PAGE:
Our analysis took each household in our 2009 data, and identified the set of households in the 2008 data that looked like that household on key demographic measures (location, education, household size, age of head of household, and income). We then tested whether the 2008 households’ average viewing rate for television channels that offered content on Hulu and/or Netflix predicted the likelihood of a 2009 household subscribing to pay TV. Put more simply, we examined whether a household preferring channels subsequently offered by Hulu and Netflix predicted cord-cutting. The effectiveness of our approach rests on the assumption that the viewing habits of the 2009 households are, on average, the same as the viewing habits of their matched 2008 households. If these preferences predict cord-cutting, it suggests that content replication is an important factor in the cord-cutting decision; if not, it suggests other factors are likely to be more important.
Our data indicates a significant increase in cord-cutting from 2008 to 2009, making this period particularly promising for investigating its drivers. Yet our full analysis yields no evidence that a streaming service adding content from a TV channel is a notable driver of cord-cutting behavior. In other words, if the TV shows from someone’s favorite channel became available to stream on Netflix, for example, that alone didn’t make them more likely to end their pay TV subscription. We also we found evidence that households already prone to cord-cut (young and low-income people) became even more prone to do it during these years.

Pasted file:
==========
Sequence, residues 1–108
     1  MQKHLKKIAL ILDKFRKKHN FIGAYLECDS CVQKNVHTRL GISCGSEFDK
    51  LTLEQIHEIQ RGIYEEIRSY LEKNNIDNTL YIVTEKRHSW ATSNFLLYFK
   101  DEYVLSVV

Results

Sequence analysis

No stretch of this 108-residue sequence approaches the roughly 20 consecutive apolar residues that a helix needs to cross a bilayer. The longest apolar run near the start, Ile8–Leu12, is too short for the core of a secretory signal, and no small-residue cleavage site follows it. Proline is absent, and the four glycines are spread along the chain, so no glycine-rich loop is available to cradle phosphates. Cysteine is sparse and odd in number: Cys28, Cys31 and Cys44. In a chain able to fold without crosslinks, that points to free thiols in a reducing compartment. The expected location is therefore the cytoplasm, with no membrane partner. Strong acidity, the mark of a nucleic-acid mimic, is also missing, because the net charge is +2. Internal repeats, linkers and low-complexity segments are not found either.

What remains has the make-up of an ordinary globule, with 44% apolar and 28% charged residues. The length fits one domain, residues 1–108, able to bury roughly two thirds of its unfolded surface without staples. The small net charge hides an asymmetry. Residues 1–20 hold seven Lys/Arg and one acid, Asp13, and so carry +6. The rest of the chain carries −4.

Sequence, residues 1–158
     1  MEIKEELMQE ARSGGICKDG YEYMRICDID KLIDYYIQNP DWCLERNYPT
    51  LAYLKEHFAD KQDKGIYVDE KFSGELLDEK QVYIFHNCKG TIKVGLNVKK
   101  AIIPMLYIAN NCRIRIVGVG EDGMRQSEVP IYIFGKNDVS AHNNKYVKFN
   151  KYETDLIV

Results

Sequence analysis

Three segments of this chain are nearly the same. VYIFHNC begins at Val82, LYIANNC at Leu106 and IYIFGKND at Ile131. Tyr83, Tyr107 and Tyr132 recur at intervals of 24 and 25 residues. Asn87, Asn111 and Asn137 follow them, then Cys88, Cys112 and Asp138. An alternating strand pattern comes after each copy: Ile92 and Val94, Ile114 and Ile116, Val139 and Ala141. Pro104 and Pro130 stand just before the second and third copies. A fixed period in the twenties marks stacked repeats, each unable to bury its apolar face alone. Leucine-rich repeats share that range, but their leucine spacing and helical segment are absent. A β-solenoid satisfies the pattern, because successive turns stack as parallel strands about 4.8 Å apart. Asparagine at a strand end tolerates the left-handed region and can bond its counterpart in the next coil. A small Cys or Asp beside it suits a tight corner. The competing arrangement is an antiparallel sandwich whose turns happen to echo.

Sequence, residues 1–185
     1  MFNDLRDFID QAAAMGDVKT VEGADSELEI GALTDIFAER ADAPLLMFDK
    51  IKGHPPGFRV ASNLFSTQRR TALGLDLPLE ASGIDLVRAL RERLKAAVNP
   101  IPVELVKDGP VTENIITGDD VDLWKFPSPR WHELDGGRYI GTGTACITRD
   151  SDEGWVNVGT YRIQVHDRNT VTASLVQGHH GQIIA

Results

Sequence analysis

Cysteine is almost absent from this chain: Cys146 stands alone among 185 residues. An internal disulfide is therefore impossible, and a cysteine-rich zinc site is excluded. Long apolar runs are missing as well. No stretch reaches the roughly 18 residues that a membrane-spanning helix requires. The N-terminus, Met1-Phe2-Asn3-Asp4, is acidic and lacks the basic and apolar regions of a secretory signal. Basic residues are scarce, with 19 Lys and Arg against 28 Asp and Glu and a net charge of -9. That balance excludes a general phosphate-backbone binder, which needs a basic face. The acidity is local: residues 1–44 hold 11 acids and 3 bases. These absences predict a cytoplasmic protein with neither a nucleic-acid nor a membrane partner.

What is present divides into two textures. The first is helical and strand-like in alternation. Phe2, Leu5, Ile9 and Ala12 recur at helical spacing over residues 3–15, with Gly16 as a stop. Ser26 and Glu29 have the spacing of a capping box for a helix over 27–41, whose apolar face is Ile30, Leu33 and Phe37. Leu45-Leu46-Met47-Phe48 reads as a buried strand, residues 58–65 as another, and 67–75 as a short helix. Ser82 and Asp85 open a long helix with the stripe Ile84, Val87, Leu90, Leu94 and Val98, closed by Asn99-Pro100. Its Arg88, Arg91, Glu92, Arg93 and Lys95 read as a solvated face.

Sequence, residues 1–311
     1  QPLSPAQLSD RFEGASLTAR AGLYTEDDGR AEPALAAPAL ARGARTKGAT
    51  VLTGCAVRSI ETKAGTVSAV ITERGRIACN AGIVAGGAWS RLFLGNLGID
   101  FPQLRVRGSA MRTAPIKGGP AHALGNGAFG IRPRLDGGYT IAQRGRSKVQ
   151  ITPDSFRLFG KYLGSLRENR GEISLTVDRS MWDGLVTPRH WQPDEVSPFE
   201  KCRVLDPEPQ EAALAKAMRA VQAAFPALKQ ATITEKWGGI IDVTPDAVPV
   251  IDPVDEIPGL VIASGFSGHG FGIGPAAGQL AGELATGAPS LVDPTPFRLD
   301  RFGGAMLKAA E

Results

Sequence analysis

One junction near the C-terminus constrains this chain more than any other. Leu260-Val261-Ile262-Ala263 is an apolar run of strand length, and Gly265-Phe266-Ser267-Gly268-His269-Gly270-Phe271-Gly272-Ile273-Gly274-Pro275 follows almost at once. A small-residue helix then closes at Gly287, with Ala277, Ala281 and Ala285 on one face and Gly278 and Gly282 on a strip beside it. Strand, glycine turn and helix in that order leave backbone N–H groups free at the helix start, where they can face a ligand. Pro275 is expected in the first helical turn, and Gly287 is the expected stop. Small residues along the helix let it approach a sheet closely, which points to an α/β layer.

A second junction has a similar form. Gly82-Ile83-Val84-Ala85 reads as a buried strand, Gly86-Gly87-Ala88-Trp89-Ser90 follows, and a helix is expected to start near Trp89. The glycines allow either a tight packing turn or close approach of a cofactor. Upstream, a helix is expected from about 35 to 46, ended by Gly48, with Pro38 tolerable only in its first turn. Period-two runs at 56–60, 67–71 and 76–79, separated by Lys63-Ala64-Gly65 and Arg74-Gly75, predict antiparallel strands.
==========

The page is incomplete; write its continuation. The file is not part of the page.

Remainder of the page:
Our results indicate that if a streaming service wants to attract subscribers, offering content from TV channels is not a sufficient strategy. Building on this insight, we found that offering original content can be one important way that streaming services can differentiate their offerings from competitors’. This finding both corroborates current trends around original content and shows that early streamers were already providing clues that this trend would emerge. The latter point highlights the value in learning what drives (and doesn’t drive) early movers: The firms that most quickly understood the importance of original content stood to gain the most.
Looking ahead, it is notable that the profile of cord-cutters and cord-nevers still looks similar to what it was during our study. The likely next round of cord-cutters are not wildly different than the early cutters of 2009, and the demographic trend we observed appears to be continuing. Further, given their demographic similarities to cord-cutters, it is reasonable to believe our insights for cord-cutters extend to cord-nevers as well.
Consequently, it seems unlikely that this trend toward an emphasis on, and competition along, original content is likely to end soon. Within this setting, firms will have to strike a balance between investing in original content, which can drive subscriptions, and others’ content, which may drive retention given it takes up the majority of viewing hours.